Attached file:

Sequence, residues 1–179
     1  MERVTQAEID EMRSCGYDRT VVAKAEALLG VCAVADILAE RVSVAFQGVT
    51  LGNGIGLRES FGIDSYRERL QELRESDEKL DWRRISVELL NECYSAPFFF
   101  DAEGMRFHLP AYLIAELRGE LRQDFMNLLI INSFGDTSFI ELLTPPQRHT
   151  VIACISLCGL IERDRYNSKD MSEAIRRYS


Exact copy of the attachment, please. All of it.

Sequence, residues 1–179
     1  MERVTQAEID EMRSCGYDRT VVAKAEALLG VCAVADILAE RVSVAFQGVT
    51  LGNGIGLRES FGIDSYRERL QELRESDEKL DWRRISVELL NECYSAPFFF
   101  DAEGMRFHLP AYLIAELRGE LRQDFMNLLI INSFGDTSFI ELLTPPQRHT
   151  VIACISLCGL IERDRYNSKD MSEAIRRYS